Activism, Education, Social Awareness

Who’s to say I’ve gone too far?

Is Blackface racist? It all depends, maybe… It is offensive if someone finds it offensive. That’s really what it comes down to; if anything that someone feels offensive it is, by definition, offensive. No, actually, on the other hand, can we get too sensitive about things? Yes, absolutely. Someone who has not been offended by something can look at a message and not be offended by it and think that people who are offended by the message are too sensitive. However, exploring blackface, this can be horribly offensive.

Recently I was watching “All Eyez On Me“, the movie about Tupac Shakur and in his life. Personally, I would love Tupak: I love his message I love his intellect and I love the fact that, although he flawed, he was trying to make a difference and make changes in the world in which he lived there; I appreciate that. In the movie “All Eyez On Me” they showed the portion of his life when he was part of Digital Underground. They showcased a concert where Digital Underground was performing the song “Humpty Dance“. Now, I will be more than happy to fully acknowledge that the intent of that song was too mock and ridicule, dare I say satirize much of the popular music at that time. However, when watching this portion of “All Eyez On Me” I couldn’t help but think of the rolls of dark people in popular entertainment during Shakespeare time. They played the harlequin roll as a fool in the food not to be taken seriously, this is not far from the controlled Jim Crow acceptance of thinking of black people (Louis Armstong) as fools in cartoons.

Like in my post about the N-word as well as subsequent posts the question that is: because the group Digital Underground was a black group is the song “Humpty Dance” less offense; does it change the message? I’m not certain of that, but I do feel that Tupac Shakur certainly wasn’t interested in being a part of that particular message.

Relating the “Humpty Dance”, which I grew up with and didn’t think much more of it than a Funny song while I was growing up, and relating “Humpty Dance” to the discussion of blackface, if a white crew were to do the exact same songs but in Blackface, would it be offensive? In my opinion, I think that it would’ve been horrifically offensive. A white group wearing Blackface would be suggesting that the satire being presented in that song why is overly proportional to the black race; whereas Digital Underground performed the song, I feel, held the message, although presenting Harlequinesque, a intentional ridicule of popular music.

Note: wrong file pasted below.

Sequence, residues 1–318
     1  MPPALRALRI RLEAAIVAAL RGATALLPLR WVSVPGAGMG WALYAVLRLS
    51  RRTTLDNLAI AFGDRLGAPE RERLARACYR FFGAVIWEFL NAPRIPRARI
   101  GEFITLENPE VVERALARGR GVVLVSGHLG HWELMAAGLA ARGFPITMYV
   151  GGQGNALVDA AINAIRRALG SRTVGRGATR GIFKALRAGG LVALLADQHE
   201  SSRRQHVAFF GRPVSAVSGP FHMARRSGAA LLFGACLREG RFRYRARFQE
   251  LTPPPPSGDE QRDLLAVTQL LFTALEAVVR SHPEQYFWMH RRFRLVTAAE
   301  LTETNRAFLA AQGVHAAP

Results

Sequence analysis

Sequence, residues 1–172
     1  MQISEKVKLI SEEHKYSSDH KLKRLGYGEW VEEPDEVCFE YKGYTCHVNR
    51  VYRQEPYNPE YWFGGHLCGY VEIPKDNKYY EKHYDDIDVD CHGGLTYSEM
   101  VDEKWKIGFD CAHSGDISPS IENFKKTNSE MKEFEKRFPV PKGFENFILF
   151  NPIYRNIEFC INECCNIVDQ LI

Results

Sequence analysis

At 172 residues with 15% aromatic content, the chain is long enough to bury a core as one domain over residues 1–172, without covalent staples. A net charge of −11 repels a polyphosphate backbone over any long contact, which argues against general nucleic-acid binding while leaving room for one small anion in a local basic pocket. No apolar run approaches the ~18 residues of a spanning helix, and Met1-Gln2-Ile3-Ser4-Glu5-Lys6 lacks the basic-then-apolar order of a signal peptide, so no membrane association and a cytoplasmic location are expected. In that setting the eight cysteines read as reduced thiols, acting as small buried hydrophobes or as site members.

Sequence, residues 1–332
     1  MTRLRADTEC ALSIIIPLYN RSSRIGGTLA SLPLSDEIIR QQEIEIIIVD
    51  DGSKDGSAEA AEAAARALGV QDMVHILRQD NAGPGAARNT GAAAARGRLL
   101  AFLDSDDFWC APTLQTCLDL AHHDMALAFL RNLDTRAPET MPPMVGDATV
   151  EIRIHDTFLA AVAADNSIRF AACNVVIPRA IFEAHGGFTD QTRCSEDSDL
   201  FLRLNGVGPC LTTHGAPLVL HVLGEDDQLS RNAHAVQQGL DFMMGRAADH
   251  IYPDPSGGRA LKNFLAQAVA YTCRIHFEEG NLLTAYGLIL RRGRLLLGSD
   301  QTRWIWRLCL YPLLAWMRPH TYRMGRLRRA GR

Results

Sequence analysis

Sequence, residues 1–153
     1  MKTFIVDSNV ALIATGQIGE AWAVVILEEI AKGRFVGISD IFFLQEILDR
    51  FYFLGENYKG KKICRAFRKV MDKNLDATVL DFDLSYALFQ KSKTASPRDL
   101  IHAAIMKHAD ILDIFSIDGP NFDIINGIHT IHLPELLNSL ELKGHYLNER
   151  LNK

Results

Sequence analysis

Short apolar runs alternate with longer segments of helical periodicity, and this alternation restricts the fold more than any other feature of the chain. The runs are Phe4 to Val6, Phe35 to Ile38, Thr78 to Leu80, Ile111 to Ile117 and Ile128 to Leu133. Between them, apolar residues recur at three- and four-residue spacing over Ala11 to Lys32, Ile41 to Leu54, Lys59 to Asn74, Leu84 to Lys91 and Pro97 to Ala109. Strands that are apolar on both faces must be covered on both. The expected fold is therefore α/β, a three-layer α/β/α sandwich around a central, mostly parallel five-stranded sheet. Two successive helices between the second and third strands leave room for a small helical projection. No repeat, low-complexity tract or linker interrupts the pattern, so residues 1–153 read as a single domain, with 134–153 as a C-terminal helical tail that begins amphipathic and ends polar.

What about the movie “Tropical Thunder“? Where Robert Downey Jr.’s performance, his roll in a movie, was in Blackface. Maybe I was just unaware but I do not recall there being any conflicts when that movie came out of Robert Downey Jr. performing in Blackface. There have been other examples of Blackface, for instance in the TV show “It’s Always Sunny In Philadelphia” the characters filmed their own version of “Lethal Weapon” “Lethal Weapon V” with one of the characters playing the role of Roger Murtaugh who in the first five was played by Danny Glover a black man. The question that keeps battering around inside of my head is: at what point in time does it become offensive, does it get a pass especially when the intention is to parody and satirize?

Offensive to one, many, most? I am certain that no matter what you say and no matter what the situation is you can find someone to be offended by something that may not be intended to offend anyone. Does it make it wrong because someone is offended by a message? Does it make it wrong because many are offended by the message? Does it make it wrong if most people are offended by it? At what point does something turn someone says or presents not okay to be presented?  To answer this I would suggest that it’s a very personal and unique case for every single instance.

Each person who is saying and/or presenting something needs to identify what their purpose is and whether what they say and/or do is going to achieve that purpose. Can it be understood if someone has a slip of the tongue and accidentally said something offensive?  Sure.  Is it possible that these people may unintentionally offend someone or many people? Certainly. Should there be an understanding and forgiveness of a flawed statement, as we are all human and therefore make mistakes? I would like to think so.  I would hope that others would forgive me if I erred.  As someone who is interested in pushing limits as well as asking questions, to push limits, boundaries, and different people’s comfort zone’s I also wonder if the intentional saying of things that are offensive may purposefully push limits and the comforts of others. In America, we are given the right, by the Bill of Rights, to freedom of speech. But even those rights have limits. Although it may be offensive, I feel that as long as what people say and/or do is within the boundaries of the Bill of Rights, which has quite the wide breadth, there is absolutely nothing to restrict these people from saying or doing these things. As I have mentioned before in other posts, whether I agree with what they say or not they are entitled to present whatever is that they want to present.

We the People of United States have the privilege to ignore, protest, boycott, or ridicule and parody the foibles of people whom we find offensive, insensitive and wrong with their actions and/or statements.

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